Update Jan 11th 2015: After over a month I finally got the chance to work on the cables. Got a new 1TB hard drive and used ~15 zip ties and yeah I know it still looks like crap, there's nothing more I can do. I seriously think whoever designed this case should be fired. :(
This build was named Project Big 10 because it was built in the year 2014, and my dad bought our first PC, which was a Dell with a Pentium 4 Processor, in 2004. I was only 6 at the time and I learned how to browse the web and play games with that old Dell. The experience made me fall in love with computers, and prompted me to learn programming, get into robotics and develop an interest in computer engineering.
I will be using this build to play games such as BF3, ARMA 2, Red Faction Guerrilla, MC, JC2 and CS:GO, some programming, schoolwork and mild modeling in Autodesk Inventor and Blender. This computer will not be used for photo/video editing and livestreaming.
PARTS LIST AND RATIONALE
CPU: I went with the i5-4440 because it was the cheapest i5 processor I could find on Black Friday. Plus, since I have Amazon Prime I had it within 2 days of purchase. I was originally debating between the FX-8300 and i5-4440 but considering the extra money I would've had to spend on a good mobo for the AMD and a cooler, I went with Intel.
MOTHERBOARD: Not much to say about the mobo. Highly reputable brand, simple layout, I love it. Doesn't really matter that it doesn't have onboard USB 3.0 headers - my friend has a PCIe USB 3.0 card that he is giving me which has 2 extra ports and a header.
RAM: I don't do video editing or anything that's particularly RAM-heavy, so I went with the cheapest single-channel solution I could find. I might upgrade it to dual-channel 16GB in the future but so far it is more than enough for me.
SSD: I realized I made a huge mistake on the SSD after I built my PC... Apparently Kingston surreptitiously switched from synchronous NAND to asynchronous on the V300 model and consequently the performance took a big hit. CrystalDiskMark tells me that the sequential read/write for the V300 is only 218MBs/127MBs which is significantly lower than the advertised standards. However Windows 7 so far seems to be booting pretty fast (~9 secs from power to login screen) so I'll probably stick with it for a while until I save up enough for an Intel or Samsung one.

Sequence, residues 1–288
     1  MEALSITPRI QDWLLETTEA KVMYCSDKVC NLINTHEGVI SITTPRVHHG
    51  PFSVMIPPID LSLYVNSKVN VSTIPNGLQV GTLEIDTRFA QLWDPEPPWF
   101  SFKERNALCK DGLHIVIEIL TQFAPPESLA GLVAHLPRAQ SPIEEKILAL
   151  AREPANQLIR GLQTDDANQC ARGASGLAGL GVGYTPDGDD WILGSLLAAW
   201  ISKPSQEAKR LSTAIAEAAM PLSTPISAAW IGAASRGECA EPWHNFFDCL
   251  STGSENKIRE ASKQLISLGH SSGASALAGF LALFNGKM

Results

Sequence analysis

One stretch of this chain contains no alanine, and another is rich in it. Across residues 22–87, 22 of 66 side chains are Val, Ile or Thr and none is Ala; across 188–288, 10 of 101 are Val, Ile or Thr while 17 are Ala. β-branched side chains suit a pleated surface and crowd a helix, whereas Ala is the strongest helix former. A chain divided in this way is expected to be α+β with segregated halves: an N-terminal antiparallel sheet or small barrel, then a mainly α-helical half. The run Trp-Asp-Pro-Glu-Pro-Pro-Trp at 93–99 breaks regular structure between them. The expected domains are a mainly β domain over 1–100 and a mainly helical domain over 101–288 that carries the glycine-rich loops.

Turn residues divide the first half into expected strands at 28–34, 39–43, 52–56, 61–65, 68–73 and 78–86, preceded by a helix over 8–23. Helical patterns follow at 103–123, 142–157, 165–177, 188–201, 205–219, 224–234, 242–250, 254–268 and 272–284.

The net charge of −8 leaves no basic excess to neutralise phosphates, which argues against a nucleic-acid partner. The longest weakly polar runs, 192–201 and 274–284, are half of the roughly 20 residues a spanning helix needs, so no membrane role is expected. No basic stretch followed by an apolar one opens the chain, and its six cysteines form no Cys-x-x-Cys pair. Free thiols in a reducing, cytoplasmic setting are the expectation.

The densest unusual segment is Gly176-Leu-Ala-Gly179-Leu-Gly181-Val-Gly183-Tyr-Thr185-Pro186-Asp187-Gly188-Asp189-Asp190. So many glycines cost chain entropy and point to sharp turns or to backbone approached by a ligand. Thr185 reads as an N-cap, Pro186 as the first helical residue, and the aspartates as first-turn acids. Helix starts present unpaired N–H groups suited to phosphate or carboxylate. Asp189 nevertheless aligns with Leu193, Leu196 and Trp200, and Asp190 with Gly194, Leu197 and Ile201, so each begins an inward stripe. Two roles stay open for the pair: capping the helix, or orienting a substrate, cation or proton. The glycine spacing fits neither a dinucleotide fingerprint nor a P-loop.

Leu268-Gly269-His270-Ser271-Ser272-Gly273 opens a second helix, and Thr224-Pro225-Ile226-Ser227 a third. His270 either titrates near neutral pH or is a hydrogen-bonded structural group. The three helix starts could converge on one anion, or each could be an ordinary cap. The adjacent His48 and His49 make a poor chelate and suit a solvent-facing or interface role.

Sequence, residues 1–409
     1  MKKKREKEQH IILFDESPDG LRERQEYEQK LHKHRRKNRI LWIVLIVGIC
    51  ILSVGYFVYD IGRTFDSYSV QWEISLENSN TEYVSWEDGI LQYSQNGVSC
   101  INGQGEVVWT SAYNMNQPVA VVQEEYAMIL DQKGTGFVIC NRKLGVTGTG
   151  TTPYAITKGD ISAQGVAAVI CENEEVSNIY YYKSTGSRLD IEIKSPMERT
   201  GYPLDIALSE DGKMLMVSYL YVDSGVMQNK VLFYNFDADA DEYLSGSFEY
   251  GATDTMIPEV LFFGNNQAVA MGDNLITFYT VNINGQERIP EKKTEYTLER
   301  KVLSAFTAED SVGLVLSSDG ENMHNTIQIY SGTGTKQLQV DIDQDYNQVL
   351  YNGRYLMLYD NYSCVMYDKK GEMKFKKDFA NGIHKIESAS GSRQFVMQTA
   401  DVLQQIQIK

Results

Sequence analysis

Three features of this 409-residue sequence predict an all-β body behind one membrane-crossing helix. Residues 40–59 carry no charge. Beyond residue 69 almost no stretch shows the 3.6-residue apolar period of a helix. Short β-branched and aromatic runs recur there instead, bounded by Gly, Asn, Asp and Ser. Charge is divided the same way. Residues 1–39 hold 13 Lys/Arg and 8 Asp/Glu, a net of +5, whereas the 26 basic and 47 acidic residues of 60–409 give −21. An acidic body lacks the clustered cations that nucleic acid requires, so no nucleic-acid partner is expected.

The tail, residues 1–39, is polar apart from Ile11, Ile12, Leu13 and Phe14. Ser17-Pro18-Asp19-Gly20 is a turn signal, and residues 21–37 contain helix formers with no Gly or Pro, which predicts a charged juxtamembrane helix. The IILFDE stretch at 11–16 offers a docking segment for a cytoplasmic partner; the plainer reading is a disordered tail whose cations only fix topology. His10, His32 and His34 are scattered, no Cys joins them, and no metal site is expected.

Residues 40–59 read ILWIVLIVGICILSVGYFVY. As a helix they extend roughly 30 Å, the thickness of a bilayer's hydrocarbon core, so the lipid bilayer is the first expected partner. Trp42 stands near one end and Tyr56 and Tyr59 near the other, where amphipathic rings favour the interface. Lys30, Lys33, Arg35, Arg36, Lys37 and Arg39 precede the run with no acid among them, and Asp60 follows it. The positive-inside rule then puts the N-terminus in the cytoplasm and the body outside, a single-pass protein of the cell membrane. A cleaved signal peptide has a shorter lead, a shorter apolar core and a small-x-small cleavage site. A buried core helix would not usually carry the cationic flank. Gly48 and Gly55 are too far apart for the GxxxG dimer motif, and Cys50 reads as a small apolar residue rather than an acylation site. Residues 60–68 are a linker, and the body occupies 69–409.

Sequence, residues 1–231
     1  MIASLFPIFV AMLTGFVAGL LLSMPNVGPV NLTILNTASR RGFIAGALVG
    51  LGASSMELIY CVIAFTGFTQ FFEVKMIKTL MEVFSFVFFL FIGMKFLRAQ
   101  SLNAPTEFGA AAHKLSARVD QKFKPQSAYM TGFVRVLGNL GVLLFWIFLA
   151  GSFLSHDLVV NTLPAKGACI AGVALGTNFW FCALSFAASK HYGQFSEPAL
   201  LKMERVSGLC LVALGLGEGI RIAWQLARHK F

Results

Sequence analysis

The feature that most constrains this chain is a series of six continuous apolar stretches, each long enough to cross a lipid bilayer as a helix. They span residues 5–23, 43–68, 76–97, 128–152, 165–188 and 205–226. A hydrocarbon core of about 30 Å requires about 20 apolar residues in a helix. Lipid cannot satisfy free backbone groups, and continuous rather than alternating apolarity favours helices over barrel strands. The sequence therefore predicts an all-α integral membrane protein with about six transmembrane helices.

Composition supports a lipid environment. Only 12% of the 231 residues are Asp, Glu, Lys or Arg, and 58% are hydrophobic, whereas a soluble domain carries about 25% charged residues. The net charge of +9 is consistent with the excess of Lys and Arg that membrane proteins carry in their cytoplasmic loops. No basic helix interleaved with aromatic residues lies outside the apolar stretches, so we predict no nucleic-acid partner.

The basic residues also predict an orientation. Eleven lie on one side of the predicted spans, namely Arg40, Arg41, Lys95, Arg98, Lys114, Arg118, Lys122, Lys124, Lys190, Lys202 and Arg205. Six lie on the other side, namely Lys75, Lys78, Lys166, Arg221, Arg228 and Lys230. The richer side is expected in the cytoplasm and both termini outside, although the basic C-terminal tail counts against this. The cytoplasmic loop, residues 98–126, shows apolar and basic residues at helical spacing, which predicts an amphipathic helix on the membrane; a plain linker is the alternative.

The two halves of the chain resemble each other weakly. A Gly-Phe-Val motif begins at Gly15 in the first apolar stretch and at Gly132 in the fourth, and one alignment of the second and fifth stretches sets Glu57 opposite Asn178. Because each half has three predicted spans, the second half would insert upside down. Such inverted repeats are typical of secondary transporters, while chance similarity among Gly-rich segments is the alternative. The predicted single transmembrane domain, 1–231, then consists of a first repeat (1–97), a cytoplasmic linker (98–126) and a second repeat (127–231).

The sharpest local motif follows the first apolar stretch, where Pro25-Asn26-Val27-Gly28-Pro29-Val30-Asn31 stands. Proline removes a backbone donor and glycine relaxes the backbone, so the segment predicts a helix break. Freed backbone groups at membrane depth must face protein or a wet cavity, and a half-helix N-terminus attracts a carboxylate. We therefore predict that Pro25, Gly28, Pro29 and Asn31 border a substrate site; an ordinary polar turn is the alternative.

GPU: Kinda debated between the R9 280 and GTX 760 for a while but given the issues my friend has with his 280, I went with its NVIDIA counterpart and I have to say I'm quite impressed by its performance. Furthermore it was on sale for only $169.99 on Newegg on Black Friday so I promptly ordered it. One thing I don't like about it, though, is that the fan makes a relatively loud noise.
CASE: It's small, it fits on top of my drawers with my HDTV perfectly, but HOLY **** cable management in this case is a PAIN IN THE ***. I have a non-modular PSU with pretty thick sleeves which makes things even worse. When I routed the cables from the back and plugged the PCIe 6-pins in I couldn't even close the side panels. I'll leave it panel-less for now and hopefully the dust buildup inside the case won't be that horrible.
PSU: Again not much to say about it. It's cheap, it's got pretty high-qual cables for a non-modular PSU, and it just works.
Although the cable management is horrible and the build itself is not necessarily pretty, I personally think that I've done a pretty decent job considering this is my first build. I will get an actual monitor that fits on my desk once I sell my PS3. Any suggestions to how to clean up the cables will be greatly appreciated! I will post more pictures and benchmark results next weekend after finals (;_;).
Thanks for stopping by.